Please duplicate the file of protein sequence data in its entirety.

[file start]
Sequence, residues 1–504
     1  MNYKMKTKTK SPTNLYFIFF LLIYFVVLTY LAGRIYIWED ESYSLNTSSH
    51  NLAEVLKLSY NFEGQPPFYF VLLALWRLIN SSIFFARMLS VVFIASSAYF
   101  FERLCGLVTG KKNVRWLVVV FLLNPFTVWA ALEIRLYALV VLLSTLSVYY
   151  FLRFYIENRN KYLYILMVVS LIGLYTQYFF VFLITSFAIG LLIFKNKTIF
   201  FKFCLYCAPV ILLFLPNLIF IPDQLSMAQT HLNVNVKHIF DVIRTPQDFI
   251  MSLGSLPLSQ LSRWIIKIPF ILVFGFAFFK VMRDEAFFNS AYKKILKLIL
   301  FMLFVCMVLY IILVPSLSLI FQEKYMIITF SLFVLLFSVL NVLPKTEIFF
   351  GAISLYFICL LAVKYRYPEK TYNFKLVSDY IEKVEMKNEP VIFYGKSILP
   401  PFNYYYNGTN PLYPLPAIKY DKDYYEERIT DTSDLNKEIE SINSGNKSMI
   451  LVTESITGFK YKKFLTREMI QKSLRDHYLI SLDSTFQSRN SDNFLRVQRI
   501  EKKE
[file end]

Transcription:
Sequence, residues 1–504
     1  MNYKMKTKTK SPTNLYFIFF LLIYFVVLTY LAGRIYIWED ESYSLNTSSH
    51  NLAEVLKLSY NFEGQPPFYF VLLALWRLIN SSIFFARMLS VVFIASSAYF
   101  FERLCGLVTG KKNVRWLVVV FLLNPFTVWA ALEIRLYALV VLLSTLSVYY
   151  FLRFYIENRN KYLYILMVVS LIGLYTQYFF VFLITSFAIG LLIFKNKTIF
   201  FKFCLYCAPV ILLFLPNLIF IPDQLSMAQT HLNVNVKHIF DVIRTPQDFI
   251  MSLGSLPLSQ LSRWIIKIPF ILVFGFAFFK VMRDEAFFNS AYKKILKLIL
   301  FMLFVCMVLY IILVPSLSLI FQEKYMIITF SLFVLLFSVL NVLPKTEIFF
   351  GAISLYFICL LAVKYRYPEK TYNFKLVSDY IEKVEMKNEP VIFYGKSILP
   401  PFNYYYNGTN PLYPLPAIKY DKDYYEERIT DTSDLNKEIE SINSGNKSMI
   451  LVTESITGFK YKKFLTREMI QKSLRDHYLI SLDSTFQSRN SDNFLRVQRI
   501  EKKE